A judge in New Orleans threw out a Black man’s murder conviction earlier this week after the city’s new progressive prosecutor conceded that his predecessor’s systematic striking of jurors based on race prevented him from having a jury of his peers.
Orleans Parish District Attorney Jason Williams (D) recently filed state’s motions supporting defense attorneys for Jabari Williams, no relation, who argued that the original prosecutor in the case intentionally struck every potential Black juror from the jury pool.
“When prosecutors use discriminatory practices, it serves no one, especially not the victims and their families,” DA Williams said in a statement. “My administration is committed to building trust and partnerships between the community and the DA’s Office. Together, we will achieve this through transparency, speaking truth, and correcting the sins of the past.”
Orleans Parish Criminal District Court Judge Rhonda Goode-Douglas signed off on the request during a hearing on June 15 meant to assess whether racial discrimination played a role in the jury selection process, where the defense reportedly argued that the prior DA’s effort to exclude Black jurors in majority-Black New Orleans was statistically remote—one-in-1,000 odds—unless it was intended at the outset.
According to The Times-Picayune, the decision to endorse the defense’s argument proved a severe point of contention with former Orleans Parish DA Leon Cannizzaro, who reportedly went after the newly-elected progressive reformer’s efforts to have the case dismissed.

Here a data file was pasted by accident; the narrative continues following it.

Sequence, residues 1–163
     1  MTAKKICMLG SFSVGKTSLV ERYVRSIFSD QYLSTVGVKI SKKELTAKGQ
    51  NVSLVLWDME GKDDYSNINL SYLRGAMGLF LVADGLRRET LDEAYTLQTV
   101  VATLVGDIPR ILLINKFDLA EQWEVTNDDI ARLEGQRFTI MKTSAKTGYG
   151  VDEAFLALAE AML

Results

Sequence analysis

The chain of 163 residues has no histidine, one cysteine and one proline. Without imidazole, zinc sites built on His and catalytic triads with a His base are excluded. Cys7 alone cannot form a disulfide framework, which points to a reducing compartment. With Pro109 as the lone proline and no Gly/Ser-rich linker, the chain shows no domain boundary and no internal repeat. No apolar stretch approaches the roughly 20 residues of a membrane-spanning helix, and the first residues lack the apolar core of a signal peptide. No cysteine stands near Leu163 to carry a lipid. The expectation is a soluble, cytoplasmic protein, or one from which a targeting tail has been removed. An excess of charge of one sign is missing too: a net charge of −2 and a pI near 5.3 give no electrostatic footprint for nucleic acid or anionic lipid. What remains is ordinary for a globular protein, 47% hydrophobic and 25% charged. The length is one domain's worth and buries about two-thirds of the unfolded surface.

“No court, all the way up to the U.S. Supreme Court, ever found racial discrimination in the jury selection process of this case,” Cannizzaro said in a statement, the paper reported. “This DA’s office took it upon itself to manipulate the ruling of the Supreme Court in order to further its own personal agenda at the expense of the victim’s family and public safety.”
Though Supreme Court precedent forbids racial discrimination in jury selection, the burden for proving that it took place makes the prohibition extremely difficult for a criminal defendant to enforce in practice. The election of DA Williams helped the defense make that case, through a prosecutor saying that he is willing to give the prohibition teeth.
“As with any case that uses discriminatory practices, this is another example of how past wrongs threaten the integrity of convictions and continue to cause hurt to families and communities today,” DA Williams wrote.
Prosecutors originally alleged that Williams was involved in a cocaine deal gone awry–leading up to the shooting death of Selvin Gonzales, a 28-year-old Honduran manual laborer, in 2011.
During trial, jurors were shown a taped confession where Williams can be seen admitting to shooting Gonzales and naming the correct caliber of handgun used to kill the construction worker. The defense claimed that the confession was coerced and unsuccessfully attempted to argue that Williams shot Gonzales in self-defense.
The defense also made hay of the fact that the dead man’s roommate made a racist statement about not being able to tell Black people apart–but the argument ultimately failed. Jabari Williams was unanimously convicted of murder in the second degree in the summer of 2012.